Researchers have discovered a salt flat which they believe could potentially have been the last habitable place to live on Mars.
According to Phys.org:
BYPASS THE CENSORS
Sign up to get unfiltered news delivered straight to your inbox.
The study, published Thursday in the journal Geology, examined an 18-square-mile chloride salt deposit (roughly the size of the city of Boulder) in the planet’s Meridiani region near the Mars Opportunity rover’s landing site. As seen on Earth in locations such as Utah’s Bonneville Salt Flats, large-scale salt deposits are considered to be evidence of evaporated bodies of water.
WEF Insider Reveals 'Bug-Eating Agenda' Is About Destroying the Human Soul
Coolio Was About To Take Down Hollywood Pedophile Ring Before He Died
Pope Francis Vows To Usher In ‘One World Religion’
Bill Gates Caught Admitting ‘Climate Change Is WEF Scam’ to Inner Circle
Elites Panic As Queen’s Death Threatens To Expose Pedophile Ring
WEF Anoint Charles ‘The Great Reset King’
WEF To Force Public To Wear ‘Brain Implants’ So the Elite Can Read Their Minds
Woody Harrelson Slams Big Pharma: 'The Last People You Should Trust With Your Health'
NASA Insider Confesses on Deathbed: I Filmed Fake Moon Landing in 1969
Digital terrain mapping and mineralogical analysis of the features surrounding the deposit indicate that this one-time lakebed is no older than 3.6 billion years old, well after the time period when Mars is thought to have been warm enough to sustain large amounts of surface water planet-wide. Planetary scientists believe that the solar system formed approximately 4.6 billion years ago.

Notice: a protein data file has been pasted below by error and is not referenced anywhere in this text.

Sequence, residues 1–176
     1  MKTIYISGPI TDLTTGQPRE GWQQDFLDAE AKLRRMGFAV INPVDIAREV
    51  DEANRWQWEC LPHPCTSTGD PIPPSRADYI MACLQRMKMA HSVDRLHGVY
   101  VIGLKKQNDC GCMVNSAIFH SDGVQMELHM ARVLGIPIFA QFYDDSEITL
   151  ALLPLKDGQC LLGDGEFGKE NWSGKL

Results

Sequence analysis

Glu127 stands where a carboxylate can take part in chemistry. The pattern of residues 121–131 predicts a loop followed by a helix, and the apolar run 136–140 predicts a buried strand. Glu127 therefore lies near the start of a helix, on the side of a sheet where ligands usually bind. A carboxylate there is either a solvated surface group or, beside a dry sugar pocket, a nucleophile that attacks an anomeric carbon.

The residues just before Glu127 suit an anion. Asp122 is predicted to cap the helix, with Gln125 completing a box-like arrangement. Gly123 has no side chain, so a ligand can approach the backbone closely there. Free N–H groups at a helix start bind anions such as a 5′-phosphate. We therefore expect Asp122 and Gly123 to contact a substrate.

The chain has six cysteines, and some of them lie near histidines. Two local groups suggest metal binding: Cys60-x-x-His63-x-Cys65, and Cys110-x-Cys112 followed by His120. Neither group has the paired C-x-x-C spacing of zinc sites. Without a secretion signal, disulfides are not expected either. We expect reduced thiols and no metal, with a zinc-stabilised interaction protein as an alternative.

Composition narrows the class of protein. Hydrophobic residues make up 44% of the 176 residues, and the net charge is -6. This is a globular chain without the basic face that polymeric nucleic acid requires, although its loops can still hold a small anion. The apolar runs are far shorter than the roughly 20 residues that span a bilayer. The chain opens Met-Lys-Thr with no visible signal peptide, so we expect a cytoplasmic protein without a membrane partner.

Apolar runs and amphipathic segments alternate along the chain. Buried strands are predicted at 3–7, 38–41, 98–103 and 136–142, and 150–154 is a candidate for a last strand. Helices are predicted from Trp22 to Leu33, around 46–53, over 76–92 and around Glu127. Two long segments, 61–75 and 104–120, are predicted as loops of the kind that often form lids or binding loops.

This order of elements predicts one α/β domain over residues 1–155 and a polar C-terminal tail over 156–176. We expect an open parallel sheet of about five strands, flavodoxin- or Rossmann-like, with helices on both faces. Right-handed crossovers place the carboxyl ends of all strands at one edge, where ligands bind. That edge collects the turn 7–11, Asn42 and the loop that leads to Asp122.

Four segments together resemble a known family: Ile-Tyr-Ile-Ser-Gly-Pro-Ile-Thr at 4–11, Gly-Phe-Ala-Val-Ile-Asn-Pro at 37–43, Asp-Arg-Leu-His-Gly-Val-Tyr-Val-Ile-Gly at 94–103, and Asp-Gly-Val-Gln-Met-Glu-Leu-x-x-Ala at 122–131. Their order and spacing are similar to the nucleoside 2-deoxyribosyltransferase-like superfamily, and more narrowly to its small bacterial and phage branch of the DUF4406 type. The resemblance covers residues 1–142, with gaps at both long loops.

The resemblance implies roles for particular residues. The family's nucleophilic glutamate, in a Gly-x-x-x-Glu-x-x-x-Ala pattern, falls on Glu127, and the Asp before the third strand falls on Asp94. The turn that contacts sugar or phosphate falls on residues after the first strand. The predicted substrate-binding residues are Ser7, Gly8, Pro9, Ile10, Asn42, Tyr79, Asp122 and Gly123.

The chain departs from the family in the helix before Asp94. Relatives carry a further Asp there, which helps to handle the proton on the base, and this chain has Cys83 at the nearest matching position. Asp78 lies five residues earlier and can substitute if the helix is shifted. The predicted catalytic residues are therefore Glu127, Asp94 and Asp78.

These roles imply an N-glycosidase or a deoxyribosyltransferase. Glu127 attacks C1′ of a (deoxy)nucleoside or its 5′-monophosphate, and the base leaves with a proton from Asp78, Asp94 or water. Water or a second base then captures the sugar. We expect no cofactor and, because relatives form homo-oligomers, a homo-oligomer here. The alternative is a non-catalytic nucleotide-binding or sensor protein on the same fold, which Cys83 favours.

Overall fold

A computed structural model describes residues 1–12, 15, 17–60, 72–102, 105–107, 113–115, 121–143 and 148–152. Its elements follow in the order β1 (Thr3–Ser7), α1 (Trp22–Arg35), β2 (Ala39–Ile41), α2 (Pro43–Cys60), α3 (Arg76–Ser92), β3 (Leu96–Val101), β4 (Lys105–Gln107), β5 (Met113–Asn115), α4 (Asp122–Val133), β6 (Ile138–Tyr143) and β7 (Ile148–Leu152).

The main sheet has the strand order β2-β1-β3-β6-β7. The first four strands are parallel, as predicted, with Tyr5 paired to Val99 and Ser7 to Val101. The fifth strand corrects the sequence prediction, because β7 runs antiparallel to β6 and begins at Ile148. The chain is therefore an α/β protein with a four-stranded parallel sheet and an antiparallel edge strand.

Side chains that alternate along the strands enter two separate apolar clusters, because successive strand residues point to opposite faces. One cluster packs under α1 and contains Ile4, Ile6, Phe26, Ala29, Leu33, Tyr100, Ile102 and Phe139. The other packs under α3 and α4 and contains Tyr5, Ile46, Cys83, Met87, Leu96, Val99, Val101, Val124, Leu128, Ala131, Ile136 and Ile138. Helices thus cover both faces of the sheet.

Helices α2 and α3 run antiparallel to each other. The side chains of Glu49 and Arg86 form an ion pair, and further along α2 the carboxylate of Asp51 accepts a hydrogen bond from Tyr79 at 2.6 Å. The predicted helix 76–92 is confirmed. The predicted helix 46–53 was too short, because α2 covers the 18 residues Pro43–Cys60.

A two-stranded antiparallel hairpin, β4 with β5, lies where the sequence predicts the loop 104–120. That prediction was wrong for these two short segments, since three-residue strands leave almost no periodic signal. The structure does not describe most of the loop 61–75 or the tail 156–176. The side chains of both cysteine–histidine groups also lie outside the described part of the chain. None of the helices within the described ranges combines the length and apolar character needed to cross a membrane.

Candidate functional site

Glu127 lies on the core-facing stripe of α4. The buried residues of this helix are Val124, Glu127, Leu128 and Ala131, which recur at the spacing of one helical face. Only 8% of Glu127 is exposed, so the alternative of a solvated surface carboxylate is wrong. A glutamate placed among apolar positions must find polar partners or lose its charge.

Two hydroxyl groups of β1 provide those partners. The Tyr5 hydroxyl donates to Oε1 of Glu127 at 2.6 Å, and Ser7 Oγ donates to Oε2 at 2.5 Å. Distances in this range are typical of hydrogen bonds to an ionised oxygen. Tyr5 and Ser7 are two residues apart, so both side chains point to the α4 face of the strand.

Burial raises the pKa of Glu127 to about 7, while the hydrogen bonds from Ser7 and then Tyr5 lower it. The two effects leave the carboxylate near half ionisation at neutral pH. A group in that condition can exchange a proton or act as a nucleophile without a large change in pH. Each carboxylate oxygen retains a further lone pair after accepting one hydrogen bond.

Mars and Lakes
“This was a long-lived lake, and we were able to put a very good time boundary on its maximum age,” said Brian Hynek, a research associate at the Laboratory for Atmospheric and Space Physics (LASP) at CU-Boulder and lead author of the study. “We can be pretty certain that this is one of the last instances of a sizeable lake on Mars.”
Based on the extent and thickness of the salt, the researchers estimate that the lake was only about 8 percent as salty as the Earth’s oceans and therefore may have been hospitable to microbial life.
“By salinity alone, it certainly seems as though this lake would have been habitable throughout much of its existence,” said Hynek, who is also an associate professor in the Department of Geological Sciences at CU-Boulder and director of the CU Center for Astrobiology. He noted, however, that other factors such as acidity levels were not included in the scope of the study.
Read more at: http://phys.org/news/2015-08-salt-flat-vestiges-martian-surface.html#jCp
Latest posts by Royce Christyn (see all)
- Government Op Who Predicted Super Bowl Score Warns Of Nuclear War - February 18, 2017
- Video: Why Voting Doesn’t Change Anything & Democracy Is A Lie - May 7, 2016
- Did Bible Verse Predict String of Recent Quakes, Volcano, & Foam? - April 17, 2016